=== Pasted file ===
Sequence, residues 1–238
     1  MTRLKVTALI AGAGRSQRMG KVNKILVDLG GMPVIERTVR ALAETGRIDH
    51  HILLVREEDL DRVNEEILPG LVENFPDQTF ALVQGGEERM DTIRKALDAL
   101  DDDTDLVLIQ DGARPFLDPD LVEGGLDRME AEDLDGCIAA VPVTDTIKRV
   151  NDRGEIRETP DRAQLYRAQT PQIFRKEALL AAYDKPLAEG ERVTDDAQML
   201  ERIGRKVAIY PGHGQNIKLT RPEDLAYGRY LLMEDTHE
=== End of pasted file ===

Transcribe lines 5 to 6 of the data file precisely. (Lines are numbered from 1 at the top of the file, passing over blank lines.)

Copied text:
   151  NDRGEIRETP DRAQLYRAQT PQIFRKEALL AAYDKPLAEG ERVTDDAQML
   201  ERIGRKVAIY PGHGQNIKLT RPEDLAYGRY LLMEDTHE